These are glazings suitable for permanent access of people for walking on. The typical admissible loads are personal loads. Requirements are defined in DIN 18008 part 5.
Typical applications are: stairs, platforms, glass bridges or light well covers.
Permitted glass types with proven shock resistance are shown in table B.1 (DIN 18008 part 5).
Main requirements on the design are:
- Glass surface must have anti-slip characteristics.
- Position must be fixed (against shifting or lifting).
- Glass build up: minimum triple laminated glass.
- Load limitation for passenger traffic at typical use and vertical load: max. 5 kN/m².
- Bending rigid substructure.
- Elastomer bearing material with 60 - 70 shore A-hardness.
- Minimum bearing with a width of 30 mm.
These are glazings suitable for short term access of specially trained personnel for cleaning and maintenance purposes. Requirements are defined in DIN 18008 part 6 and typically apply for linear and point supported constructions.
The construction needs:
- to prevent people from falling through intact glazing.
- to prevent people from falling through damaged glazing.
- to prevent danger to persons below damaged glazing.
The requirements differentiate between walk-on for stay and not for walk-on, but because of slope fall-through protection is necessary.
Vertical or sloped glazing on the same level as work platform or traffic way must have fall-though protection. The following scenarios must be considered:
- distance to glass < 2 m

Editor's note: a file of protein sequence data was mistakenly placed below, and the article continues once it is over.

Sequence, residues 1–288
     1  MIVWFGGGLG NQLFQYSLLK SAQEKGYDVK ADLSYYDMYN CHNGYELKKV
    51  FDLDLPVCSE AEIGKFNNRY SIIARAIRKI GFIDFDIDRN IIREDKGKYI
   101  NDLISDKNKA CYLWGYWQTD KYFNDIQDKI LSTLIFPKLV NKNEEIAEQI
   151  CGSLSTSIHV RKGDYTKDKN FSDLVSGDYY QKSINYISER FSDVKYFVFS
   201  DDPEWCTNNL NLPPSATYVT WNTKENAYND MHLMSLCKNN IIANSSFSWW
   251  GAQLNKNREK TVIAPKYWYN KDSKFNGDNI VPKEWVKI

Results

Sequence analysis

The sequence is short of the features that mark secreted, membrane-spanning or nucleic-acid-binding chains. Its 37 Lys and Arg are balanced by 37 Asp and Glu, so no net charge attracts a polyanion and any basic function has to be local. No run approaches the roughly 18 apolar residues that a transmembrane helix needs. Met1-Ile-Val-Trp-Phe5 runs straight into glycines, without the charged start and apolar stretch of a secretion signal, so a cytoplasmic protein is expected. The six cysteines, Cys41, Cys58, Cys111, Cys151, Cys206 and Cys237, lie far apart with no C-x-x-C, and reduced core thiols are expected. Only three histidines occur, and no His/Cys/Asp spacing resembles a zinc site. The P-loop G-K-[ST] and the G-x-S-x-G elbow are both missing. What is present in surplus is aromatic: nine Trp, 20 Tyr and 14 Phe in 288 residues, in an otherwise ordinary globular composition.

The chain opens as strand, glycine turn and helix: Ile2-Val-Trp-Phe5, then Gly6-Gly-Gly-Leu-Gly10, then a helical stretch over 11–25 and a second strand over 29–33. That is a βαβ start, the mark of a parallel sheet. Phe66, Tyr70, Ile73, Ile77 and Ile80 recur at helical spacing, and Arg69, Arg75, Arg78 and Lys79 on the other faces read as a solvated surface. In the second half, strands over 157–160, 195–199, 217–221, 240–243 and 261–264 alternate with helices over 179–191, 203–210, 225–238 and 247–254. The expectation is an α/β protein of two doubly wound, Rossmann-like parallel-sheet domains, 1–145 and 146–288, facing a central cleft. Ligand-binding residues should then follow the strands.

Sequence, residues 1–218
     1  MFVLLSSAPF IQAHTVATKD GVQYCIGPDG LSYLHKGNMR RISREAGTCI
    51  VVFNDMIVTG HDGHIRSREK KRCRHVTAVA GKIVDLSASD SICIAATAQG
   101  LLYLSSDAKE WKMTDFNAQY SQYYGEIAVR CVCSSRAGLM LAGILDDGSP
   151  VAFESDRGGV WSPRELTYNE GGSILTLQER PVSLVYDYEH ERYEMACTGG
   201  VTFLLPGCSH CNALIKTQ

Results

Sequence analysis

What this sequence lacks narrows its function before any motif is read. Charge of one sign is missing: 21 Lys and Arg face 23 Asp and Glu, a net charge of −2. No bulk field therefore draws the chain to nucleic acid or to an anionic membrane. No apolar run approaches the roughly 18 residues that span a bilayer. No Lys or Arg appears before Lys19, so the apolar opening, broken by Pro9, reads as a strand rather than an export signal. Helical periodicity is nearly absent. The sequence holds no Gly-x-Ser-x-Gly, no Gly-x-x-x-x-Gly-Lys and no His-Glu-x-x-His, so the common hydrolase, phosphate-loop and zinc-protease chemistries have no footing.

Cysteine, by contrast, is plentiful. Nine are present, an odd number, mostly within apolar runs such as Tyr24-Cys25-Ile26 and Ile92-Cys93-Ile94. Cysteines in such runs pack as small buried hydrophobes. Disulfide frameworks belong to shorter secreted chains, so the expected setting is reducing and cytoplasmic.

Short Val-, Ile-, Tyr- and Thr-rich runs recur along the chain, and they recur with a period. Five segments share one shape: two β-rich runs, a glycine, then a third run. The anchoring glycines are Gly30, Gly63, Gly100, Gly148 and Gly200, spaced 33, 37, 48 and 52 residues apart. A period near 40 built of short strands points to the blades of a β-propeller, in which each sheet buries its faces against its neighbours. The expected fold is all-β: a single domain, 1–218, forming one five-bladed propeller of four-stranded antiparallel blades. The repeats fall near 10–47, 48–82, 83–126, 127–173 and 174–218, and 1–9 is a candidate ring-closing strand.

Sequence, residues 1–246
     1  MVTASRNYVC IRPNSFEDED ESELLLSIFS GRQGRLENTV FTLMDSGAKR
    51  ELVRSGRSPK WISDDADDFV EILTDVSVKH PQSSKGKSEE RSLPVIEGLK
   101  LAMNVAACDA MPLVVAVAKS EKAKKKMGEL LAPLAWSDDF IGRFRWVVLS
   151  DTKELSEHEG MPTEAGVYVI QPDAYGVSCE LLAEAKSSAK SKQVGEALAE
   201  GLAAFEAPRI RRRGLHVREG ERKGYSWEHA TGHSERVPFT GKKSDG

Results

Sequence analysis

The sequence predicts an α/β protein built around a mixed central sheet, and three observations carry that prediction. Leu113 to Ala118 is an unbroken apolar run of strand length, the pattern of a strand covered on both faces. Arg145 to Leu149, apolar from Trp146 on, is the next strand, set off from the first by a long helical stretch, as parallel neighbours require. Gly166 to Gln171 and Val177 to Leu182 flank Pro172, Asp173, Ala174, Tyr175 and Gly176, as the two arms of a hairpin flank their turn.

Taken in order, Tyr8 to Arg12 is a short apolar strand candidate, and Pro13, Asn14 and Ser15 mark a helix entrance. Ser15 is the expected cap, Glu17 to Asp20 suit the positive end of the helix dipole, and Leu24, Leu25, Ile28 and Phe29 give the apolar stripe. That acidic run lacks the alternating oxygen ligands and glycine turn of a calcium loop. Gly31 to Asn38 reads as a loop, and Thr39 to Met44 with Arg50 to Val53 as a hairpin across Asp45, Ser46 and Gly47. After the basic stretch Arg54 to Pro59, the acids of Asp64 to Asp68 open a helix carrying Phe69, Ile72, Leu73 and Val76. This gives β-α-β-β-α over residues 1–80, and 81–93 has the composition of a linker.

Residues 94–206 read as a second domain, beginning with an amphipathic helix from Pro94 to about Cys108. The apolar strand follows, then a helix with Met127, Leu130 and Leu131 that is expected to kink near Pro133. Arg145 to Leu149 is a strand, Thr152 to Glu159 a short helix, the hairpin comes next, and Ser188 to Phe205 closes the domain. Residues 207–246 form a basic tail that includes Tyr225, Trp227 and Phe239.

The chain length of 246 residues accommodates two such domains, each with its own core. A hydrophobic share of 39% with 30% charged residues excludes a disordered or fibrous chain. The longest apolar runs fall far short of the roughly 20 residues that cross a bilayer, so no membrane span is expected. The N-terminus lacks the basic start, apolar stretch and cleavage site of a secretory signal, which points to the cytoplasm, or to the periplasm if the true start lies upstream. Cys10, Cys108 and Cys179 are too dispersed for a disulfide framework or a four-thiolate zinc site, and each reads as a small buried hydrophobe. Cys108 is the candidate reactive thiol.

- elevated glazing: < 0,9 m above and up to 0,3 m below
- sloped glazing:
The approved glass types (conform to horizontal glazing according to DIN 18008 part 2) are:
- Laminated safety glass only consisting of glass types breaking into large pieces (float glass or heat strengthened glass)
- Wired glass is not considered as fall-through safe!
- Upper glass of insulating glass (impact side) must be safe in case of breakage (laminated safety glass or fully tempered glass only)
For structural design calculations a point load of 150 kg impacting on an area of 10 cm x 10 cm (= 1,5 kN/m²) in the middle of the pane must be considered.
Residual stability refers to the characteristic of an installed glass element to remain standing for a defined, limited period of time without exerting any load. This applies only to vertical glazing. Overhead glazing’s residual capacity refers to the fact that in case of failure, the glass should bear its own weight over a defined period of time. The requirements and installation situations always determine the respective type of glazing that should be used. The following charts give a broad overview of this type of implementation.